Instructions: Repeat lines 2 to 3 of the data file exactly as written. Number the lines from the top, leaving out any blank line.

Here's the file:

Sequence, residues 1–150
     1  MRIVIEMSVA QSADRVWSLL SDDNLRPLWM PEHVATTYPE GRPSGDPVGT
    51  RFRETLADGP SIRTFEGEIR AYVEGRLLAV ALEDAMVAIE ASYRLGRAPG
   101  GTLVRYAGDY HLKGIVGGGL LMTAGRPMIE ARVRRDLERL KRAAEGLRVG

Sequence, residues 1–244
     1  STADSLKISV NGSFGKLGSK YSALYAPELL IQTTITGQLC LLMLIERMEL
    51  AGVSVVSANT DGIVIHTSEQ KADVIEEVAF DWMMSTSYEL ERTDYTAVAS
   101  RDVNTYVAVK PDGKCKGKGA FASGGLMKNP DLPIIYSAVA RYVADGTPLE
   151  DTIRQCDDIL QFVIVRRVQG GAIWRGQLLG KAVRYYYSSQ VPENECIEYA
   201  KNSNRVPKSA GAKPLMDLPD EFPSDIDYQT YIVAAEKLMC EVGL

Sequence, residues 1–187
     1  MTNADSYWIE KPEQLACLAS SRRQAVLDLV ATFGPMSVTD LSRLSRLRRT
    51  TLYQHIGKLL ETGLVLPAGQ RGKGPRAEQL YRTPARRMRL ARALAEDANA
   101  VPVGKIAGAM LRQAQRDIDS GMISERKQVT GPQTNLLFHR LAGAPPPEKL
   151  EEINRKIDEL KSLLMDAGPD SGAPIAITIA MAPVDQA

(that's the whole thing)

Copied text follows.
     1  MRIVIEMSVA QSADRVWSLL SDDNLRPLWM PEHVATTYPE GRPSGDPVGT
    51  RFRETLADGP SIRTFEGEIR AYVEGRLLAV ALEDAMVAIE ASYRLGRAPG